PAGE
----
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Susie Oh is a Brooklyn-based painter inspired by the mythical and the mystical. Her illustrations and prose can be found at, and you can follow her on Tumblr as nemozero or as amorphophallus_titanum.

She provided art for this week’s story, “The Wreck at Goat's Head” by Alexandra Manglis.

This interview was conducted by email in November 2016.


Tory Hoke: As an illustrator, how did you get where you are today?

Susie Oh: I've always loved drawing and went on to study illustration at Pratt Institute.

© 2012 Susie Oh, "Alchemist"

© 2012 Susie Oh, "Alchemist"

Tory Hoke: Your work combines rounded shapes and soft textures with vibrant patterns and colors. How did you develop this style? What effect would you like your work to have on your viewer?

Susie Oh: I usually place a wash across my surface before I do any sketching. The colors dictate the mood, and then I find the forms. I also love the "flatness" of classical East Asian painting, and the deliberate unreality of European medieval art: the heavily molded, sculptural shapes in skewed planes. I think the disorienting effect, somehow, tells a more psychological truth than a perfect rendering in three-point perspective.


Tory Hoke: Tell me about your Homunculus series. The images are charming and upsetting at the same time. What inspired these?

Susie Oh:
I love Renaissance images of the homunculus: a miniature, fully grown human circulating through the semen or blood. So I use these ageless, genderless, featureless characters to express mental states that I can't articulate in words.

© 2015 Susie Oh, "Knot Undone"

© 2015 Susie Oh, "Knot Undone"


Tory Hoke: You design paper dolls as well—and create animations from them. What is your process like for those? What excites you about them?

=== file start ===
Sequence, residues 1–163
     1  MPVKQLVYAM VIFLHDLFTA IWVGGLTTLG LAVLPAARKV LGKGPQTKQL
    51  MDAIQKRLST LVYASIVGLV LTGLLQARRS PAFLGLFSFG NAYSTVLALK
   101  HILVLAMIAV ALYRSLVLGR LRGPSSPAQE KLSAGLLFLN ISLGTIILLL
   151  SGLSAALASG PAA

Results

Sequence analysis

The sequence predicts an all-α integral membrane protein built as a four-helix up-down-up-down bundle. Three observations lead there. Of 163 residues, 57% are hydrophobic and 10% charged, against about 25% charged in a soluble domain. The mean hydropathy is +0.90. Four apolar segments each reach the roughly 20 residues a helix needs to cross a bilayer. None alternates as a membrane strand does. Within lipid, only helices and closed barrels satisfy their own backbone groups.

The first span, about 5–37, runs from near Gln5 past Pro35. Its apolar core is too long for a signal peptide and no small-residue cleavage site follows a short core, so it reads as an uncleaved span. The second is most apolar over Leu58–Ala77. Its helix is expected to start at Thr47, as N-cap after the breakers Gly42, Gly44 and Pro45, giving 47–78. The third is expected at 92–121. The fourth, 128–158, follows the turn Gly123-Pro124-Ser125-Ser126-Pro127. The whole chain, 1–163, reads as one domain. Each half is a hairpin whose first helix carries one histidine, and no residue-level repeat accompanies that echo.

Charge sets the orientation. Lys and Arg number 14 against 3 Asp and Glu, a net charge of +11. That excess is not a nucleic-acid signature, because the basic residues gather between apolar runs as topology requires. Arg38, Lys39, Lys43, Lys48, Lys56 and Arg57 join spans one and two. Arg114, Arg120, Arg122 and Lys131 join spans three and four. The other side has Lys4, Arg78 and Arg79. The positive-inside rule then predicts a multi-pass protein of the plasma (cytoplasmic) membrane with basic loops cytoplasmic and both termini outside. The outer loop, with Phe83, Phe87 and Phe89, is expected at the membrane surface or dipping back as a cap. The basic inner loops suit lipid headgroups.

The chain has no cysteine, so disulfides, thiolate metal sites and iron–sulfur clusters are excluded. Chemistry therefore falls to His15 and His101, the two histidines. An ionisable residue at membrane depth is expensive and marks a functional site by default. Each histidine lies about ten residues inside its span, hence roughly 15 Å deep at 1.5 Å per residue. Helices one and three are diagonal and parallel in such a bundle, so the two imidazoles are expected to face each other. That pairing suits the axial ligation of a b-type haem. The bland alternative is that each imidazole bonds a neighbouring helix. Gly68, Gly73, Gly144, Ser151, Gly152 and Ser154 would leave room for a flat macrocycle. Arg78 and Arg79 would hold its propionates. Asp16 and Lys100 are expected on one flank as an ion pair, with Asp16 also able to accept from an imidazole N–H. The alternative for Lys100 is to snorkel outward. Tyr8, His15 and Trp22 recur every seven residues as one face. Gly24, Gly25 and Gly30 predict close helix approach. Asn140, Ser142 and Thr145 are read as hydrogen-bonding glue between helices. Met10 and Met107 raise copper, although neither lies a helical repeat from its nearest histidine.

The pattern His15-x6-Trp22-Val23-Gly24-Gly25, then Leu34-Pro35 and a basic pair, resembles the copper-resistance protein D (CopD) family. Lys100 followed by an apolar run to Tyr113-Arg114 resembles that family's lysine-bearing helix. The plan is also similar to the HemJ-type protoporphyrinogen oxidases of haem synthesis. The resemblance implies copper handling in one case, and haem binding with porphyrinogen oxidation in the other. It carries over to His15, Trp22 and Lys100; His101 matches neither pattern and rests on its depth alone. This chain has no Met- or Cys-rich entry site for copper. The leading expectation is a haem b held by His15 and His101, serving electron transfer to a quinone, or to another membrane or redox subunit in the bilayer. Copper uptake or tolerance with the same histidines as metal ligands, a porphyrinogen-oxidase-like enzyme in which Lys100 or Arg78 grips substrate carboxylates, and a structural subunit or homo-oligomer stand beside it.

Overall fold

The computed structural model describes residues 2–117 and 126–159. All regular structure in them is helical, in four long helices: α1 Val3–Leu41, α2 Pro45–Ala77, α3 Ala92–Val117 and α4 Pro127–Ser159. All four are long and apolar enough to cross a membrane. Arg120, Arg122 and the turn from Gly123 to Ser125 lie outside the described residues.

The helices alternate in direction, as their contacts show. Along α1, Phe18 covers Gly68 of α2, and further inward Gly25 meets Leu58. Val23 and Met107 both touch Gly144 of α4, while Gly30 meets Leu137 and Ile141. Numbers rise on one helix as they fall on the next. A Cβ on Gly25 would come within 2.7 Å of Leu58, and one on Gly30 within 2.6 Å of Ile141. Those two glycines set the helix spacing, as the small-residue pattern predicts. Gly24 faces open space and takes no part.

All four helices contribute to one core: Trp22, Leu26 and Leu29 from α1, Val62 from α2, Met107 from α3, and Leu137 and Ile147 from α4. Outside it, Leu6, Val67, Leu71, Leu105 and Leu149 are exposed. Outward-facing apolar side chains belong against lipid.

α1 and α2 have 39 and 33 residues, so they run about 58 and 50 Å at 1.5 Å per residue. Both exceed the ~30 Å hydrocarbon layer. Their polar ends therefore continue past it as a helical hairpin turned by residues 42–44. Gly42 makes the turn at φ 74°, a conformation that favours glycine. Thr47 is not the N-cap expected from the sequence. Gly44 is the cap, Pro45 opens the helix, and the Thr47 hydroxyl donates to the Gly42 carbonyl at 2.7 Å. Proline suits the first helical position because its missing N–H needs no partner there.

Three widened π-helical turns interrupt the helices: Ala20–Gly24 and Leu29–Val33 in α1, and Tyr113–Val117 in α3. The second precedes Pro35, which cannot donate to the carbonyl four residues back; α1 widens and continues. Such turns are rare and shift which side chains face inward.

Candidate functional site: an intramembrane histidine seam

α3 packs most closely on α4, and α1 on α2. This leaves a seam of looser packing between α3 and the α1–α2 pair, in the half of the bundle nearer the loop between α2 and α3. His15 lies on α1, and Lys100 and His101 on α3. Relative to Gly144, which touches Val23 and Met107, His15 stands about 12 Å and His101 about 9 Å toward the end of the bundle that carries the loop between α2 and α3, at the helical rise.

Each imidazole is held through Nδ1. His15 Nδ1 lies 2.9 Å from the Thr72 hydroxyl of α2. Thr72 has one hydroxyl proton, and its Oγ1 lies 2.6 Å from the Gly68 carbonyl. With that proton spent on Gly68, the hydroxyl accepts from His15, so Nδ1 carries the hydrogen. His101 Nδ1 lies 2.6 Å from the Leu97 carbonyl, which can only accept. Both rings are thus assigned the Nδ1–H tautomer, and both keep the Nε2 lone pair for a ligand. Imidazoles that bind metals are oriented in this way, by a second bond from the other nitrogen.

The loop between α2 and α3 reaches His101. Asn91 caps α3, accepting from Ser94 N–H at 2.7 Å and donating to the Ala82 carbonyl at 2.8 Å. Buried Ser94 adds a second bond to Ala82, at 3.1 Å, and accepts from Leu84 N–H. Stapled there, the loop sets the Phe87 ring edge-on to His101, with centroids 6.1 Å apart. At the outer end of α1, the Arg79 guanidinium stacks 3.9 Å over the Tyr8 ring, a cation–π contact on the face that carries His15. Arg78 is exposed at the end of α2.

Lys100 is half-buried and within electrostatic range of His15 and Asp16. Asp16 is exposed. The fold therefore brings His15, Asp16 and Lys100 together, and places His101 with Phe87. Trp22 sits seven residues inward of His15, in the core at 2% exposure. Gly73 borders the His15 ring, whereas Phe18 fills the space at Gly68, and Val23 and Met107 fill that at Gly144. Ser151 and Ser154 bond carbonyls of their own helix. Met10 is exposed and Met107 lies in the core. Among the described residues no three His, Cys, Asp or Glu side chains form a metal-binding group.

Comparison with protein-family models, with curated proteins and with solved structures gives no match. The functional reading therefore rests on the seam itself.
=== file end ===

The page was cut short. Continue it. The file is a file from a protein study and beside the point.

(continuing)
Susie Oh:
They're another storytelling medium, and since cutting them out and manipulating them are so much like child's play, I can take them as "art"  less seriously. In that way, the process is more liberating, more fun.


Tory Hoke: What is the art community like where you are?

Susie Oh: New York City is huge, so there are different niches; it's a city that has always drawn artists.


Tory Hoke: What other artists inspire or interest you?

Susie Oh: William Blake and Odilon Redon are lasting inspirations. Right now I'm also drawn to "outsider artists" like Carlo Zinelli and Charles A. A. Dellschau.


Tory Hoke: What would you like to see more of in contemporary F/SF art?

Susie Oh: I'd like to see more writers like Ursula K. Le Guin and Octavia Butler, who have broader worldviews outside of traditional Eurocentric fantasy. I think the genre has definitely become more inclusive of minority voices.


© 2014 Susie Oh, "Secret Garden"

© 2014 Susie Oh, "Secret Garden"

Tory Hoke: What's your dream project?

Susie Oh: I'd love to do a series of illustrations about some visionary or mystical subject, like a biography of an alchemist or an early naturalist.


Tory Hoke: What's next for you?

Susie Oh: I wish I knew! I hope to illustrate more interesting stories!


Tory Hoke: Thank you for your time, Susie! It's been a pleasure.

Susie Oh: Thank you so much!

tory_hoke_50kbTory writes, draws, and codes in Los Angeles. Her fiction has appeared in Strange Horizons, Drabblecast, and PseudoPod, and her art has appeared in Strange Horizons, Apex, and Spellbound. She is art director for Strange Horizons and editor-in-chief of sub-Q, a magazine for interactive fiction. Follow her work at
Current Issue
29 May 2023

We are touched and encouraged to see an overwhelming response from writers from the Sino diaspora as well as BIPOC creators in various parts of the world. And such diverse and daring takes of wuxia and xianxia, from contemporary to the far reaches of space!
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Before the Occupation, righteousness might have meant taking overt stands against the distant invaders of their ancestral homelands through donating money, labour, or expertise to Chinese wartime efforts. Yet during the Occupation, such behaviour would get one killed or suspected of treason; one might find it better to remain discreet and fade into the background, or leave for safer shores. Could one uphold justice and righteousness quietly, subtly, and effectively within such a world of harshness and deprivation?
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